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Karma Cleanser 

Will it come back to bite you?

Dear Karma Cleanser:

At the start of this year, I went to work for a company that is based in Germany. It has been a good job but also very challenging, mainly because it entails quite a lot of travel.

Last week, I got a huge deposit in my bank account. I assumed it was reimbursement for my recent travel but it was for $4,500. I had only submitted $3,000 on the expense report.

I couldn't read the credit note because it was in German. (This German shit is killing me.) Today I showed the note to my assistant, asking her to translate. My assistant checked with the finance department and it turns out they thought I had paid for my travel expenses in euros, not U.S. dollars. They said they appreciated my honesty and would deduct the $1,500 from my next check.

I was really hoping my assistant would have just translated the credit memo. Is that so wrong?

-- Continental Drift

Look at this way: You've inadvertently represented yourself as an honorable and trustworthy new hire, even if that may not be the whole story. Be thankful for small accidents and that your potential for greed got lost in translation.

Dear Karma Cleanser:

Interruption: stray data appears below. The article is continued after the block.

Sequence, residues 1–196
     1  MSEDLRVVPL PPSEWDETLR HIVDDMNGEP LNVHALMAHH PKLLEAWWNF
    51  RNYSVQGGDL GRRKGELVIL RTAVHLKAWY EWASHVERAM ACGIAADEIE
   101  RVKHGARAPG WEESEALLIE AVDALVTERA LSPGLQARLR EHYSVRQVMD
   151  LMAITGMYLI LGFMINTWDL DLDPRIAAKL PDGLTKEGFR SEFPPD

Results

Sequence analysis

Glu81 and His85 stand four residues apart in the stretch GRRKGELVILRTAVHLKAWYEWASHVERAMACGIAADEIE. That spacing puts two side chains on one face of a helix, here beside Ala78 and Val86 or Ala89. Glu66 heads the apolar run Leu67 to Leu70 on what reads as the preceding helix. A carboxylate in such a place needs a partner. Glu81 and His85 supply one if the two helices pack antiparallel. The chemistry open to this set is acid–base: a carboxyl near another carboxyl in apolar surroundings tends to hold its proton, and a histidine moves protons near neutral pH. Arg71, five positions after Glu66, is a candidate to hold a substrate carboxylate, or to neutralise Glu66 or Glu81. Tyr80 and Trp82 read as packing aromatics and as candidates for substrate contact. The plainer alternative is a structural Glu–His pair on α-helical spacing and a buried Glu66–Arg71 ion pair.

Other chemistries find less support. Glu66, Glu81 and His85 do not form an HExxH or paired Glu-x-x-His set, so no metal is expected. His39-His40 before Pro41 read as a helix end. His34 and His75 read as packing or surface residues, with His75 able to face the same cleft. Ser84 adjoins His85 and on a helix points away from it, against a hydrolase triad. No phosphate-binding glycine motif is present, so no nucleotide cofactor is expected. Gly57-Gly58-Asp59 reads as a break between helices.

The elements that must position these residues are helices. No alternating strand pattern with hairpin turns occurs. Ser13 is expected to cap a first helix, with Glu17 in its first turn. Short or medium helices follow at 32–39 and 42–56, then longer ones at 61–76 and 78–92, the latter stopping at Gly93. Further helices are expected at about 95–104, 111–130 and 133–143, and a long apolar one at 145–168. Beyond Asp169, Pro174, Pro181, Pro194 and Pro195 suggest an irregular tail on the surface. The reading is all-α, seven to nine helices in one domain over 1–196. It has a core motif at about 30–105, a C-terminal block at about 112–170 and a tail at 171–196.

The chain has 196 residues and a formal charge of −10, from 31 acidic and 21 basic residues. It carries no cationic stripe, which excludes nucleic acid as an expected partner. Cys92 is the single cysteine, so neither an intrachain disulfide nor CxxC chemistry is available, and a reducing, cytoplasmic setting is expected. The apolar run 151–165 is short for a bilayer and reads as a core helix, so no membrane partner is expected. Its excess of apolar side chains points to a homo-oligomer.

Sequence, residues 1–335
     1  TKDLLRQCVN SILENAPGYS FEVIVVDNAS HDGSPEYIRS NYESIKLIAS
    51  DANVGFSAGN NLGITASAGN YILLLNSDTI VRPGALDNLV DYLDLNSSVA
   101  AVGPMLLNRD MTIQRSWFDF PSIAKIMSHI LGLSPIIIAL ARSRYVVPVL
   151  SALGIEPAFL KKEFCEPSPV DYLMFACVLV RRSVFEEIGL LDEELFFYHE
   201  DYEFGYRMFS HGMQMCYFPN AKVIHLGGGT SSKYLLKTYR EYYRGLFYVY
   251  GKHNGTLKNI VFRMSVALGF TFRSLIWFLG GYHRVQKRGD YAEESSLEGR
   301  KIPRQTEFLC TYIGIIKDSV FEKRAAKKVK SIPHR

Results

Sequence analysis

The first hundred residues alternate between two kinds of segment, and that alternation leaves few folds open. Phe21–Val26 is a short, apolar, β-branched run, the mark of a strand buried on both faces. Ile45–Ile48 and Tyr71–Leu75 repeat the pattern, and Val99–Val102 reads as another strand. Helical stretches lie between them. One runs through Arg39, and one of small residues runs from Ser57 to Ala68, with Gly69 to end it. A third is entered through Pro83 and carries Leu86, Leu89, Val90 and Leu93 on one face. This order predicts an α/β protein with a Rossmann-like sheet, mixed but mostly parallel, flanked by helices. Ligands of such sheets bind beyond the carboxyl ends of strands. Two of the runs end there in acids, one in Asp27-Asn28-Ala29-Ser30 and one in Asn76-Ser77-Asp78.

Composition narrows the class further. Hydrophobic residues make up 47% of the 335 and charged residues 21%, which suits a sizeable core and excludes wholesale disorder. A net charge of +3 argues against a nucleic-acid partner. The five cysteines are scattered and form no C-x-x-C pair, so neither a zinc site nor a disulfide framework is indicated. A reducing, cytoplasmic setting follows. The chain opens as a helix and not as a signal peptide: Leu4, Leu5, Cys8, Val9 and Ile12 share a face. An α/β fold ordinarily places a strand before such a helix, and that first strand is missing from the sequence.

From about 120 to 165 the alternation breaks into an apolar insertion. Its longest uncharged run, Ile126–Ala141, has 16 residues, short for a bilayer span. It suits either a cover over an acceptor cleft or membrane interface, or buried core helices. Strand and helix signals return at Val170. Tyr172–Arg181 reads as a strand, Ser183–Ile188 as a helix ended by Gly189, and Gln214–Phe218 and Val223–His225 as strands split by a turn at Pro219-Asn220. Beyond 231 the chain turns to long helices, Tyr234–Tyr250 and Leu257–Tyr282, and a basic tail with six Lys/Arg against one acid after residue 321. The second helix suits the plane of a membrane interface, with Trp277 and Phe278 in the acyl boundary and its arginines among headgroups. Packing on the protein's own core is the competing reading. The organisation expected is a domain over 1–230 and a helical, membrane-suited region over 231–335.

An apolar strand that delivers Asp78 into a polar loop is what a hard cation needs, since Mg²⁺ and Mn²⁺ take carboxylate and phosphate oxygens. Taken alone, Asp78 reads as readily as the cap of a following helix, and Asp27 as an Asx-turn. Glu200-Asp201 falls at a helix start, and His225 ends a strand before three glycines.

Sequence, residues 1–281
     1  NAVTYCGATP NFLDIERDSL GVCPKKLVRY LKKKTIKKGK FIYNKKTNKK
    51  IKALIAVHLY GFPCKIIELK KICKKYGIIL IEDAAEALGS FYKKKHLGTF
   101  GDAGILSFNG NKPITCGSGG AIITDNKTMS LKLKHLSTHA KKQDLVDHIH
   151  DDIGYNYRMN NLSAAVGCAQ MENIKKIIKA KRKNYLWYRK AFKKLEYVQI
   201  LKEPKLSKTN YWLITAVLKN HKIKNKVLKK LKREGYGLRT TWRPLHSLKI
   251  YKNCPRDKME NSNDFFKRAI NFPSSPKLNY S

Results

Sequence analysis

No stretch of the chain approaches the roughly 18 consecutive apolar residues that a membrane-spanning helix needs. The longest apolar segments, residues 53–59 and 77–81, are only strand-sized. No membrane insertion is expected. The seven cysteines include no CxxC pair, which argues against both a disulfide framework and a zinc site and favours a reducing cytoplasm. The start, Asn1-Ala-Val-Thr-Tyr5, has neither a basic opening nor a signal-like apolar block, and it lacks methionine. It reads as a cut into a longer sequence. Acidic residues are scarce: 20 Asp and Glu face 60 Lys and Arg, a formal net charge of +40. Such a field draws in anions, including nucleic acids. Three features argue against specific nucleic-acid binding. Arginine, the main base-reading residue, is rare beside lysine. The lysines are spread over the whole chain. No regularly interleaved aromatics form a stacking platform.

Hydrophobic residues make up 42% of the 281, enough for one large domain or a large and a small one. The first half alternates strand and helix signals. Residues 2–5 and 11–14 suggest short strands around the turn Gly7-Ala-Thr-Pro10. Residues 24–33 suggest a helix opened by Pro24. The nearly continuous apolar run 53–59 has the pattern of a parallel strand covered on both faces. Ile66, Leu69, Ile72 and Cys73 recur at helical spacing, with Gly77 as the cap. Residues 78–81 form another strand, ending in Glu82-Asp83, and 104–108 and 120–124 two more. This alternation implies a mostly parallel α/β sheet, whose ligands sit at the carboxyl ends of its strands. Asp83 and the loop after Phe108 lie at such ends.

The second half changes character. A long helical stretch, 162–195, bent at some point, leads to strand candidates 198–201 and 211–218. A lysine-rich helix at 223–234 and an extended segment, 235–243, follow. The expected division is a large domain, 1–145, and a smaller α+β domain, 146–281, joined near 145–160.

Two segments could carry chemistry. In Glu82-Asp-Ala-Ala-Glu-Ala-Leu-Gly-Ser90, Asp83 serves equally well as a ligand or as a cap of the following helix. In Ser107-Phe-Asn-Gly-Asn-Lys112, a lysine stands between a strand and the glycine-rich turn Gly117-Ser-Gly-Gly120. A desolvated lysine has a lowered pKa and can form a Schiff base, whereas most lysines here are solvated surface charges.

(In response to "Cold Feet, Ankles, Shins and Shoulders," April 9): I can relate to the letter about the bride-to-be having second thoughts about her husband. I went through a similar emotional crisis in the weeks leading up to my marriage, even though I had been dating my fiancé for going on four years. I think the writer nailed it when she said this is "just a normal part of growing up."

The Karma Cleanser, however, didn't do so well. I'm not sure that advising this woman to "reconnect" with her "22-year-old self" is going to be the best advice for her in the long run. Looking back, I'm glad that I didn't listen to my inner voice telling me that the marriage was a bad idea. Yes, my spouse and I have had our share of bumps in the road, and there have been times when I missed the passion I used to have when I was young. But overall, I think that being married to him was my destiny. A 22-year-old wants the happy ending. A 32-year-old just wants health insurance.

-- Mama Knows

Mama, no! We'll agree with you when you say the writer's more youthful self may show through some flight impulses. It takes the wisdom of years to realize that every relationship endures its own cycles of expansion and retraction, like a tree that grows and sheds its leaves. But we'll have to disagree with your fatalistic view of marriage as settling. If the voice within you is craving pears, climbing up the apple tree will never make you happy, no matter how many years you sit there.

Been bad?

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